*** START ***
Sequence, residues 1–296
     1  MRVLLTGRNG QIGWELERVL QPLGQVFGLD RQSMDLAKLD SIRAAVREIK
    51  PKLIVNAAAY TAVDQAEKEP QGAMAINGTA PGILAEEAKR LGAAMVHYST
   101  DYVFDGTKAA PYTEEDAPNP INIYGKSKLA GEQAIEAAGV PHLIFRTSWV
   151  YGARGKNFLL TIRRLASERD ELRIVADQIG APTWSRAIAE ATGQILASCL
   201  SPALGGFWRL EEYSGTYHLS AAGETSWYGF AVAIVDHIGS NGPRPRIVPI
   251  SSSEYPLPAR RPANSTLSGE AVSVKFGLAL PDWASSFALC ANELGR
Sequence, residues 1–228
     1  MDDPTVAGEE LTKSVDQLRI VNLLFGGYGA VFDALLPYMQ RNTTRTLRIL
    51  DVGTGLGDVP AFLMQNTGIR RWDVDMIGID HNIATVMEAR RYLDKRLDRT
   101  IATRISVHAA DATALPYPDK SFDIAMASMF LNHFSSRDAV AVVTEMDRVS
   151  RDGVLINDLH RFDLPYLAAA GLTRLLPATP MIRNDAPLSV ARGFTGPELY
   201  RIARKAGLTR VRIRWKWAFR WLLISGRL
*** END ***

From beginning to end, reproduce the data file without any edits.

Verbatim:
Sequence, residues 1–296
     1  MRVLLTGRNG QIGWELERVL QPLGQVFGLD RQSMDLAKLD SIRAAVREIK
    51  PKLIVNAAAY TAVDQAEKEP QGAMAINGTA PGILAEEAKR LGAAMVHYST
   101  DYVFDGTKAA PYTEEDAPNP INIYGKSKLA GEQAIEAAGV PHLIFRTSWV
   151  YGARGKNFLL TIRRLASERD ELRIVADQIG APTWSRAIAE ATGQILASCL
   201  SPALGGFWRL EEYSGTYHLS AAGETSWYGF AVAIVDHIGS NGPRPRIVPI
   251  SSSEYPLPAR RPANSTLSGE AVSVKFGLAL PDWASSFALC ANELGR
Sequence, residues 1–228
     1  MDDPTVAGEE LTKSVDQLRI VNLLFGGYGA VFDALLPYMQ RNTTRTLRIL
    51  DVGTGLGDVP AFLMQNTGIR RWDVDMIGID HNIATVMEAR RYLDKRLDRT
   101  IATRISVHAA DATALPYPDK SFDIAMASMF LNHFSSRDAV AVVTEMDRVS
   151  RDGVLINDLH RFDLPYLAAA GLTRLLPATP MIRNDAPLSV ARGFTGPELY
   201  RIARKAGLTR VRIRWKWAFR WLLISGRL